Marly Youmans

From Wikipedia, the free encyclopedia
Jump to: navigation, search
Marly Youmans
Marlyyoumans.jpg
Marly Youmans on a panel of "Poets Who Write Other Genres" at the 2012 West Chester University Poetry Conference
Born Susan Marlene Youmans
(1953-11-22) November 22, 1953 (age 60)
Aikens, South Carolina
Occupation poet, novelist, and short story writer
Language English
Nationality American
Genre poetry, novels, short stories, books for children
Literary movement New Formalism
Website
www.thepalaceat2.blogspot.com

Marly Youmans (born Susan Marlene Youmans November 22, 1953, in Aiken, South Carolina) is an American poet, novelist and short story writer.

Background[edit]

Marly Youmans grew up in Louisiana, North Carolina, and elsewhere. She currently lives in the village of Cooperstown, New York, with her husband and three children. She graduated from Hollins College, Brown University, and University of North Carolina at Chapel Hill. She taught at State University of New York but quit academia after receiving promotion and tenure in her fifth year.[1]

Writing[edit]

Her published work consists of four books of poetry, five novels and two fantasies for young readers, as well as uncollected short stories, essays and poems. Across all these idioms, her work displays a commitment to rhythm, the sound of words, imagery and complexity of form and allusion. Thaliad, for example, is an epic poem that tells a compelling story of children who survive an apocalypse to begin a new society, written as though a spoken history remembranced in blank verse a generation on. Her novels have been described as 'literary fiction at its finest' in Books and Culture[2] while The Advocate has cited her skill at mastering poetic forms.[3]

Her books demonstrate a number of continuing interests: in lives lived close to nature, whether in the past (Catherwood) or the future (Thaliad), magic, faith and redemption (Val/Orson, The Foliate Head) and the individual’s journey from youth to adulthood (Inglewood, A Death at the White Camelia Orphanage). Visual art is often referenced in her work and Thaliad and The Foliate Head were both collaborations with the artist Clive Hicks-Jenkins with decorations throughout the texts. She provided the title poems for an illustrated anthology, The Book of Ystwyth: Six Poets on the Art of Clive Hicks-Jenkins.[4]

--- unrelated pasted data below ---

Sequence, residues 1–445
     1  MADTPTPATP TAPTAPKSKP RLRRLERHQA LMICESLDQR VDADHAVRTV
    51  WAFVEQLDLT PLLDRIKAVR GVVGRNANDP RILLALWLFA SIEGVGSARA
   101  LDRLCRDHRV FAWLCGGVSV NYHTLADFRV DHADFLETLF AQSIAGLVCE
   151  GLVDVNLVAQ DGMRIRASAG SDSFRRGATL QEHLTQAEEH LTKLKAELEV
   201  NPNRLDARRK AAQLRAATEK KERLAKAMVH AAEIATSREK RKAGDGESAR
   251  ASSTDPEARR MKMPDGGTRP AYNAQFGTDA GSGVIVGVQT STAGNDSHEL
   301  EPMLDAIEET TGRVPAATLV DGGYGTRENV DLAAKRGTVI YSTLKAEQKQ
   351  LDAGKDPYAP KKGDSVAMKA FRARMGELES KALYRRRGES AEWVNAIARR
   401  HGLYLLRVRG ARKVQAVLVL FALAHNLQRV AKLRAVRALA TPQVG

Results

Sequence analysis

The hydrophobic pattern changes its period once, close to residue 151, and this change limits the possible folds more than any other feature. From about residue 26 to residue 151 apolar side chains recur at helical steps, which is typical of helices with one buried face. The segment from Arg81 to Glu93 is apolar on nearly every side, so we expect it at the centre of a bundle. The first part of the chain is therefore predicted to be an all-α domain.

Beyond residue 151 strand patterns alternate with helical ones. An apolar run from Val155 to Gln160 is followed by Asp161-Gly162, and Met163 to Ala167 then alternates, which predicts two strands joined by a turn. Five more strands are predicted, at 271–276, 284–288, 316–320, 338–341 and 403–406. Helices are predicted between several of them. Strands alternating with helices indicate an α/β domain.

Awards[edit]

The Baton Rouge Advocate named Ingledove Best Young Adult Fiction of 2005, and cited The Curse of the Raven Mocker as Best Children's Book of 2003. Books and Culture Magazine named Val/Orson Book of the Year in 2009, and noted The Curse of the Raven Mocker in The Top Ten Books of 2003. She is the winner of The Michael Shaara Award for Excellence in Civil War Fiction for The Wolf Pit,[5] her third novel, which was also on the short list for The Southern Book Award. She is a two-time winner of the Theodore Hoepfner Award for the short story and the winner of the New Writers Award of Capital Magazine (New York), also for the short story. She has held fellowships from Yaddo, New York State, and elsewhere. Her latest award is The Ferrol Sams Award for Fiction for A Death at the White Camellia Orphanage (Mercer University Press, 2012.)

She was a judge of the 2012 National Book Awards.[6]

Bibliography[edit]

Novels[edit]

Poetry[edit]

  • Thaliad (Montreal, CA: Phoenicia Publishing, 2012) ISBN 978-0-9866909-3-8
  • The Foliate Head (UK: Stanza Press, 2012) ISBN 978-1-848634-60-2
  • The Throne of Psyche (Mercer University Press - Poetry, 2011) 0881462322 / 9780881462326 (dual hard/softcover)
  • Claire: poems (Louisiana State University, 2003), ISBN 0-8071-2901-1 (dual hard/softcover)

Books for young readers[edit]

Essays[edit]

  • 'Fire in the Labyrinth' in Simon Callow, Andrew Green, Rex Harley, Clive Hicks-Jenkins, Kathe Koja, Anita Mills, Montserrat Prat, Jacqueline Thalmann, Damian Walford Davies and Marly Youmans, Clive Hicks-Jenkins (2011: Lund Humphries) ISBN 978-1-84822-082-9, pp. 99–123

References[edit]

  1. ^ Joseph M. Flora, Amber Vogel, Bryan Albin Giemza, ed. (2006). Southern writers: a new biographical dictionary. LSU Press. ISBN 978-0-8071-3123-7. 
  2. ^ Linda McCullough Moore, Books and Culture, May 2012
  3. ^ Greg Langley, The Advocate, 30 January 2013
  4. ^ Bonta, Dave, Callum James, Andrea Selch, Catriona Urquhart, Damian Walford Davies and Marly Youmans, The Book of Ystwyth: Six Poets on the Art of Clive Hicks-Jenkins (2011: Carolina Wren Press) ISBN 978-0-932112-89-7
  5. ^ "SON'S PASSION FOR CIVIL WAR LED HER TO WRITE AWARD-WINNING BOOK". St. Louis Post-Dispatch. June 26, 2002. Retrieved 2008-09-18. 
  6. ^ National Book Awards 2012

Reviews[edit]

External links[edit]